On May 1, Joe Mauer made his triumphant return to the Minnesota Twins after missing the entire first month of the season due to injury. I was in attendance that day, and got to see him launch a ball into the left field seats with his very first swing of the season. Given that it had taken Mauer 216 plate appearances to hit his first home run a year ago, seeing him go deep in his very first trip to the plate was a most pleasant surprise for Twins fans. A bit of a fluke, perhaps, but promising nonetheless.

For the rest of May, Mauer played like he was on a mission to prove that his home run in that first at-bat was no fluke. After adding a double and walk to finish that first game 2-for-3, he proceeded to bat .406 over the remainder of the month, launching 10 home runs, six doubles and a triple in 96 at-bats to finish the month with an insane .802 slugging percentage.

It figured that Mauer would slow down in June, and in a way, he has. The power production has tailed off -- over the first half of the month, he's notched two home runs and two doubles over 59 plate appearances, meaning he's averaged one extra-base hit per every 14.75 PAs after averaging one per every 6.42 in May. The June rate isn't bad -- it's about in line with his career rate of 1 XBH/12.84 PA entering this season -- but obviously it's nowhere near the gargantuan power rate he flashed during his first month.

And yet, while the power has dipped for Mauer, the hits have kept on coming. After finishing May with a .414 batting average, Mauer is hitting .415 in June. He's been held hitless only once in 13 games and he's collected multiple hits seven times. Whatever regression we've seen in the power department, it has yet to emerge in the batting average column. Mauer has shown no signs of slowing down his torrid hitting pace.

Now, I'm not going to start talking about any quest to bat .400; we'll have that conversation if he's still hitting at this level around mid-August. But I think it is appropriate to sit back and marvel at what Mauer has done through 181 plate appearances. He's already matched his career high for home runs in just a month and a half, and his OPS+ (229) is a Barry-Bonds-in-his-prime type of figure. If Mauer's season ended today, he would have the highest single-season batting average of any player with a minimum of 181 plate appearances in the last 50 years. Mull that over for a minute.

Twins fans don't need to be reminded of how special a player Mauer is, but it's worth expounding on how absolutely unbelievable his offensive performance has been up to this point. He's bound to hit up some sort of rut at some point, be it regression to the mean or the wear and tear of playing nearly everyday and frequently at a hugely demanding defensive position. It's almost impossibly difficult to maintain a batting average as high as Mauer's currently is, even if big slumps are avoided. (It's worth noting that, for instance, Nomar Garciaparra was flirting with .400 as he entered August in 2000 but ended up falling about 30 points short of that mark because he hit a measly .340 over the final two months of the season. By the way, how the hell did Nomar finish NINTH in the MVP voting that year??)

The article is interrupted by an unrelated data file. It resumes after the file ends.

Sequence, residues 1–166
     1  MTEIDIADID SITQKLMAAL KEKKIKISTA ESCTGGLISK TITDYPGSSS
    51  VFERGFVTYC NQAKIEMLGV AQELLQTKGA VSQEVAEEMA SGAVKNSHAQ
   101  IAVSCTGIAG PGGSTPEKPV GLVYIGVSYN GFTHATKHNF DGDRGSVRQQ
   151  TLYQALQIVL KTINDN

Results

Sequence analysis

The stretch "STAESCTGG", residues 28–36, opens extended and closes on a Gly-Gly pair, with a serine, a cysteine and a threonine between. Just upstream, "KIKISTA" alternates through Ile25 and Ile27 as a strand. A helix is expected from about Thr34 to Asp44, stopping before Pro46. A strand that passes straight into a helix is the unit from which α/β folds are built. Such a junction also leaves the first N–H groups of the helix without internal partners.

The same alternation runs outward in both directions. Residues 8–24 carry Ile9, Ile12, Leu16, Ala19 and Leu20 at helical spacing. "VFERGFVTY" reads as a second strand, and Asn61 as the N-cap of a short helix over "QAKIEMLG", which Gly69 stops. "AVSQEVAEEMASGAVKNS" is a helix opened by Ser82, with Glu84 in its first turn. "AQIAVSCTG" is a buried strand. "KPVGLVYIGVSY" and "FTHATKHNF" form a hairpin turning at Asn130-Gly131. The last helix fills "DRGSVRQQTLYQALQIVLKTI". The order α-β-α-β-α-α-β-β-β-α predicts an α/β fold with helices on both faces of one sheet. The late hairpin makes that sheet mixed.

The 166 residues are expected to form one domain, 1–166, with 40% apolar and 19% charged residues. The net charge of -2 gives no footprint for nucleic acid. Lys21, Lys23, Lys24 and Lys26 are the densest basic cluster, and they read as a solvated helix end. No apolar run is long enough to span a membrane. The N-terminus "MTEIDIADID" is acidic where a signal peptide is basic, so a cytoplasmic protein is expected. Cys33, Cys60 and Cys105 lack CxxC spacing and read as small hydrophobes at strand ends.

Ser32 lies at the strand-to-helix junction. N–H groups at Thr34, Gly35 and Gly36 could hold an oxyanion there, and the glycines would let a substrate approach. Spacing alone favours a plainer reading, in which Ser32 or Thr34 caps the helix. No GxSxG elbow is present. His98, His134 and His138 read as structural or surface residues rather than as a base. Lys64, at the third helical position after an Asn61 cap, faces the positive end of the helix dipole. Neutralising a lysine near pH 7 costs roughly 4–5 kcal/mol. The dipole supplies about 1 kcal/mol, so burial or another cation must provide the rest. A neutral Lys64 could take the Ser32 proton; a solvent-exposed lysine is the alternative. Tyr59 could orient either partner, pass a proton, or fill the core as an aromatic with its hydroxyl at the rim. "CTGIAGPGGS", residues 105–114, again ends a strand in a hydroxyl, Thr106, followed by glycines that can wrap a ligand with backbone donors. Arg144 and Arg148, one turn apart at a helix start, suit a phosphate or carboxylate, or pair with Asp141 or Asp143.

I would encourage everyone to savor this impressive run while it lasts, but who knows how long it's going to last. Mauer continues to terrorize opposing teams and no one can seemingly figure out how to pitch to him. He's having an historical season that will likely stand out as one for the ages even if his numbers start to gradually but surely decline over the next few months.

Which they will. Right?

Statistics and Odds
While we're all wondering if he will carry this hot hitting into September (and beyond?), it's worth noting that there are gambling entities giving odds on Mauer finishing with a batting average above .400 for the year. Should you get involved with online betting please remember, be smart about it. Bet with your head, not over it.

Monday, June 15, 2009

Weekend at Wrigley

It's after midnight on Sunday and I just got home after spending the weekend in Chicago. I'm dead tired, so I'll have to be brief, but I thought I'd share some thoughts about this past weekend's series with the Cubs.

I expressed some concern a earlier this month that the Twins' perfect record in games I've attended this season was going to come crashing down as I traveled to see them play on the road a few times. Fortunately, the team seems to have gotten its act together on the road just in time for the first of my road trips. After dropping two of three in Seattle to open the trip, they split with the Athletics in a four-game set earlier this week (narrowly missing a series victory) and then took two of three from the Cubs at Wrigley over the weekend.

I had the pleasure of attending Saturday's game, a 2-0 victory highlighted by seven shutout innings from Anthony Swarzak (who was rewarded by being demoted to the minors right after the game's conclusion). On Friday afternoon, the Twins had notched a sound 7-4 victory and yesterday they lost a tightly contested battle in the ninth inning when the bullpen experienced a classic Crain Wreck.

Despite losing the finale at Wrigley, the Twins went 5-5 on this latest road trip, which qualifies as a reasonably successful one considering the abysmal 6-16 road record they'd entered the series with. The Twins' lineup is currently riddled with injuries with Michael Cuddyer, Denard Span and Joe Crede all battling ailments. That's troubling, yet there are a bunch of reasons for optimism. The members of the rotationall seem to be settling in and the bullpen pitching is better for the most part. Justin Morneau and Joe Mauer are continuing to cream the ball. Nick Punto and Carlos Gomez have started showing some signs of life at the plate. Brendan Harris is thriving in regular shortstop duty. If Cuddyer, Span and Crede can get back on the field, you've got to feel pretty good about this team's chances to make a mid-summer run.